The image of Vogeli imbuing local teachers with the math skills they then passed along to students in a rural village has remained with Kent for decades.

Bruce Vogeli Panel Discussion

TALKING BRUCE From left: Panelists Marilyn Maye (Ed.D. '03),  Associate Professor of Educational Leadership at New Jersey City University; John Mack, Professor Emeritus at the University of Sydney's School of Mathematics and Statistics; Eileen Donoghue (Ed.D ‘87), Professor of Urban Education at the CUNY Graduate Center; James Carpenter, Professor of Mathematics at Iona College; and Benjamin Dickman, math teacher and teacher coach at New York's Hewitt School.

“To think that someone from New York City came to Zaire to help those students amazes me to this day,” Kent said.

Kent credited the experience for ultimately bringing him to New York and for the doctorate he earned from TC.

Panelist Marilyn Maye, Associate Professor of Educational Leadership at New Jersey City University, recalled that she was a working mother when she arrived at TC to pursue an Ed.D in the mathematics program.

“He created a community for me, not only socially but intellectually.”

—Marilyn Maye (Ed.D ‘03)

“He honored the challenges of my situation and allowed me to thrive,” Maye (Ed.D ‘03) said, describing Vogeli as a “meticulous” adviser who refused to allow a misplaced pronoun find its way into her dissertation. Maye added that Vogeli “made me feel that I belonged. He created a community for me, not only socially but intellectually.”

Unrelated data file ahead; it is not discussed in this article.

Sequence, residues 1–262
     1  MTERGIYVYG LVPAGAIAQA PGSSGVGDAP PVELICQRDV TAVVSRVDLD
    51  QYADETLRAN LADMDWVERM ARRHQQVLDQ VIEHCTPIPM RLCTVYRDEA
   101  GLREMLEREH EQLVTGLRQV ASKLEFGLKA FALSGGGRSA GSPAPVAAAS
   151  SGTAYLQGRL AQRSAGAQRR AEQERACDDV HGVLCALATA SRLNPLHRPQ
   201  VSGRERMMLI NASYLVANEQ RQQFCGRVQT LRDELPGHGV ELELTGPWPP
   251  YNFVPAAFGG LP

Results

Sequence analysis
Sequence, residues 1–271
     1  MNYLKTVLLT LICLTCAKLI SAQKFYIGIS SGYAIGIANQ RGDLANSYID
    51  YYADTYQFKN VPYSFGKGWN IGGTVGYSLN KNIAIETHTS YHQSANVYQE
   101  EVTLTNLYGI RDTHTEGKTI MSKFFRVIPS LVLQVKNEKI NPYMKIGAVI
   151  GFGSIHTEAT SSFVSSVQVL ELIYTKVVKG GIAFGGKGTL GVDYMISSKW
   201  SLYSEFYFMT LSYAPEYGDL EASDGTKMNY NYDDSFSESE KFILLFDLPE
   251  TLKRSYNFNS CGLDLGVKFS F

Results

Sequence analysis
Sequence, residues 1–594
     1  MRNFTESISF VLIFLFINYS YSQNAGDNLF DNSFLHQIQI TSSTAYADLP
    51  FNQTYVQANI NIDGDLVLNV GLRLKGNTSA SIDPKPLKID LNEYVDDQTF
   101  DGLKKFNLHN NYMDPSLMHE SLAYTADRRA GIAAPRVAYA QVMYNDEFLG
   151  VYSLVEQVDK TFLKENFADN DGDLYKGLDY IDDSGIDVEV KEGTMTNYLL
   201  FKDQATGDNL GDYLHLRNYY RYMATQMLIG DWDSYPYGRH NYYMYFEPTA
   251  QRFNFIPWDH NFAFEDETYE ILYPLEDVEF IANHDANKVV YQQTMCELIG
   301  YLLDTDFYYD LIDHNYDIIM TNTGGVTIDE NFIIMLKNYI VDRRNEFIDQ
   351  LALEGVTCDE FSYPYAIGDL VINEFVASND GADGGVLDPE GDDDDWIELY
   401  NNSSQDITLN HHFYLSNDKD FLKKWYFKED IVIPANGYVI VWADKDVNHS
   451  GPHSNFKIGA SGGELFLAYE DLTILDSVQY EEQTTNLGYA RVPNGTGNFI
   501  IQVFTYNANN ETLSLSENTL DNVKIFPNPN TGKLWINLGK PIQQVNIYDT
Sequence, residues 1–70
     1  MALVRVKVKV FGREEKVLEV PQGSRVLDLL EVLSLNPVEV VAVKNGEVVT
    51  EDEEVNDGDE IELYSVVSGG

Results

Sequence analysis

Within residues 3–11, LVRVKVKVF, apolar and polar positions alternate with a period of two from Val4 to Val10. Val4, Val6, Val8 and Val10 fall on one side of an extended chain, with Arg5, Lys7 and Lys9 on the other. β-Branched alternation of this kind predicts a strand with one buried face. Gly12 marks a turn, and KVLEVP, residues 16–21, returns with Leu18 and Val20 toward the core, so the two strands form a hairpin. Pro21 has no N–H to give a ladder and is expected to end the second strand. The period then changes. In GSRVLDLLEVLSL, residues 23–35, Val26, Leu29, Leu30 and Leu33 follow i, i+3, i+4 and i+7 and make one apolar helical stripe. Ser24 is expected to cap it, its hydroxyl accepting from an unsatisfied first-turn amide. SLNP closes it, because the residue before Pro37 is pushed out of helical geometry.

Midway through the symposium, the guest of honor, who had been delayed by traffic, made a dramatic entrance that brought the audience to its feet and some listeners to tears.

“The army tells us to be all that we can be,” Vogeli said. “I believed each of my students could be all that they wanted to be – and they have all exceeded that expectation.”

“The army tells us to be all that we can be. I believed each of my students could be all that they wanted to be – and they have all exceeded that expectation.”

—Bruce Vogeli

Attention was also paid to Vogeli’s reputation as a something of a clotheshorse and his prowess on the dance floor – though it was on the latter front that Vogeli may have reached his limits as an educator.

“He tried to teach me ballroom dancing,” said Alexander Karp, Professor of Mathematics and Education, who co-edited Vogeli’s two-volume opus on Soviet mathematics. “Even Bruce couldn’t succeed at that.”

[Photo at top of the page] Top row, from left: TC Mathematics Lecturer Stuart Weinberg; Daniel Goroff, Professor Emeritus at Claremont’s Harvey Mudd College; TC's Nicholas Wasserman, Assistant Professor of Mathematics Education; TC's Alexander Karp, Professor of Mathematics Education; TC Mathematics Lecturer Rochy Flint and Joseph Malkevitch, Professor Emeritus of Mathematics & Computing at York College-CUNY; Bottom row, from left, all from TC: Neil Grabois, Visiting Professor; Erica Walker, Professor of Mathematics Education and Chair, Department of Mathematics, Science & Technology; Vogeli; Adjunct Professor J. Philip Smith; and Adjunct Professor Henry Landau.